Trump's Tax Lawsuit Tests D.C.'s Assessors
Lawsuit Seeks Tax Exemption for Huge Real Estate Project
Presidential candidate Donald Trump's recent lawsuit against the District of Columbia government is renewing debate over how much tax real estate developers should pay when their projects benefit the community.
Trump is suing the D.C. government over the tax bill for the luxury hotel he is developing at the Old Post Office Pavilion, a short walk from the White House.
The suit filed in D.C. Superior Court says the tax bill is unreasonable for the shell of a non-operational building undergoing a massive conversion to a hotel, according to a report by The Legal Forum (www.legal-forum.net).
The lawsuit argues Trump should not be charged taxes because his $200 million renovation is preserving a 114-year-old historic building that otherwise would be useless, maybe even need to be demolished. His costs are higher than normal because of his commitment to preserve historical structures and features and the vast size of the building, says the lawsuit filed by attorneys from the law firm of Arnold & Porter.
The D.C. tax assessor estimated the value of the Old Post Office Pavilion for 2016 at $98 million. Trump’s previous challenge to the assessment reduced the assessed value to $91 million.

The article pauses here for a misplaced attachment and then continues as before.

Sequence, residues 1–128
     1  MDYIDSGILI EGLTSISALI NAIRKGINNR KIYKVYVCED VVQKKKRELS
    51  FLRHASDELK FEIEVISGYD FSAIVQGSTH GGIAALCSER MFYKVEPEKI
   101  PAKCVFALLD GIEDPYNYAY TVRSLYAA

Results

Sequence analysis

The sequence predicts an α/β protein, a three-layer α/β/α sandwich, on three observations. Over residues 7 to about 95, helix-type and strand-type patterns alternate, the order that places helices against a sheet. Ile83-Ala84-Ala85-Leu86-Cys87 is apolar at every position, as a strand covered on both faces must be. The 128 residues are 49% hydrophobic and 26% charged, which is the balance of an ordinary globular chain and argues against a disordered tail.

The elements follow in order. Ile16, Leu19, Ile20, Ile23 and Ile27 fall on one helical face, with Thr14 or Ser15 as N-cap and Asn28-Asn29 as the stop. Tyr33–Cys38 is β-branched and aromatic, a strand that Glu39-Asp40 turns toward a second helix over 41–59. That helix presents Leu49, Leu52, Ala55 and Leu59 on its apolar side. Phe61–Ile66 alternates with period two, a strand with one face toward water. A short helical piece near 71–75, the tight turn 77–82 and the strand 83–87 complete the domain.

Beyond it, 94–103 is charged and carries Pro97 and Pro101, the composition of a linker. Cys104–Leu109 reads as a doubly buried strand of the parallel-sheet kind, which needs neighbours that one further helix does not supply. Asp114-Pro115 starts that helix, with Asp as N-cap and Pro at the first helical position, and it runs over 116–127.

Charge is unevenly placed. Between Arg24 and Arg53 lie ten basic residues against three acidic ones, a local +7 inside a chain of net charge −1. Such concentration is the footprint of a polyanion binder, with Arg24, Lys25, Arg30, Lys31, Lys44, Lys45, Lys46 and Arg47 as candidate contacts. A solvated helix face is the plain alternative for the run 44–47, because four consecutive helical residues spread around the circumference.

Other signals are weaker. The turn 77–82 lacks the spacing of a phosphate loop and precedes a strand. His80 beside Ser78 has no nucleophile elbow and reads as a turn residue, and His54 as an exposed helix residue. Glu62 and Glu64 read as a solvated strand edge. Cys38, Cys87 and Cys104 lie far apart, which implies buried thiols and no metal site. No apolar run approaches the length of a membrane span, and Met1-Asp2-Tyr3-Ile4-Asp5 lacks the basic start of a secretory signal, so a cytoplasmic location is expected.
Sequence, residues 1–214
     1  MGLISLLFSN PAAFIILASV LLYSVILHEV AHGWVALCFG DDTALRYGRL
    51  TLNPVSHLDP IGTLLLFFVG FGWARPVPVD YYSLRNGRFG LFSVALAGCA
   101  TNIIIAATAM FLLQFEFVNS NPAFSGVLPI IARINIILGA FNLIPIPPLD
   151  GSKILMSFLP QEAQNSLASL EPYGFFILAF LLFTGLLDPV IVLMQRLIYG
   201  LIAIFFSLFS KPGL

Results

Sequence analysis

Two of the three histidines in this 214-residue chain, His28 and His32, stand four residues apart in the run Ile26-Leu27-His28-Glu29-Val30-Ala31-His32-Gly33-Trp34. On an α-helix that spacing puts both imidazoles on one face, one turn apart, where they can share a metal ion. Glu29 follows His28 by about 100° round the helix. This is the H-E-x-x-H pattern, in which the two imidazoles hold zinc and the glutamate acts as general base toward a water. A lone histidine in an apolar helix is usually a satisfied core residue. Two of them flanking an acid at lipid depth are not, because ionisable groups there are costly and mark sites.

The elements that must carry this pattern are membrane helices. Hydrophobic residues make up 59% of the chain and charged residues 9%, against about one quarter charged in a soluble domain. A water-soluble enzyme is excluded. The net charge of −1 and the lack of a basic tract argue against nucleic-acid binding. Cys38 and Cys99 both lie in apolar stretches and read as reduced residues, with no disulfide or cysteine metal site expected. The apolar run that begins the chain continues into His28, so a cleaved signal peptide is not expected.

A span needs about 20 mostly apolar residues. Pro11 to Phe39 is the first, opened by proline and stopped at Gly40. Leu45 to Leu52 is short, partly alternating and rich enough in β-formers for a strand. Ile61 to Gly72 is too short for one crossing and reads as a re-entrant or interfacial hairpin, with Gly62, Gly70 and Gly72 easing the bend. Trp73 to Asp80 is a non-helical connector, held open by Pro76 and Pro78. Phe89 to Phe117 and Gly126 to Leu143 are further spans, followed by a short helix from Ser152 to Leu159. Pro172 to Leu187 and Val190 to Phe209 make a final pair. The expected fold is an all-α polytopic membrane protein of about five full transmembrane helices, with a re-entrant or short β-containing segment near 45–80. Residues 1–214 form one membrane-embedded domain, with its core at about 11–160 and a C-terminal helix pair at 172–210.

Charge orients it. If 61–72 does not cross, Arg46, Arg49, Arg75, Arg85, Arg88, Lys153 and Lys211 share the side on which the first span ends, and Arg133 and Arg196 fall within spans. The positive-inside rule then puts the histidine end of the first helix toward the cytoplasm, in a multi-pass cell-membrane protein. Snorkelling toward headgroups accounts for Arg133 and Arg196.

His efforts at a further reduction failed before the D.C. Real Property Tax Appeals Commission, which prompted him to seek a judgment through a lawsuit.
His lawsuit says other luxury hotels, such as the Ritz-Carlton in Georgetown, are assessed for taxes at lower rates.
Before Trump started leasing the building from the federal government, it housed federal offices, retail stores and restaurants. It was losing $6 million a year.
His five-star hotel is scheduled to open in September, or two months before what Trump calls the big day of the November presidential election.
The tax on his hotel is called a possessory interest tax, which refers to taxes levied when a government-owned, tax-exempt property benefits a private entity.
Trump’s lawsuit says his hotel redevelopment company, Trump Old Post Office LLC, was billed $1.6 million in possessory interest taxes for 2015 and 2016.
The lawsuit being handled by Arnold & Porter partner William Bosch said D.C.’s tax assessment method for the hotel is flawed.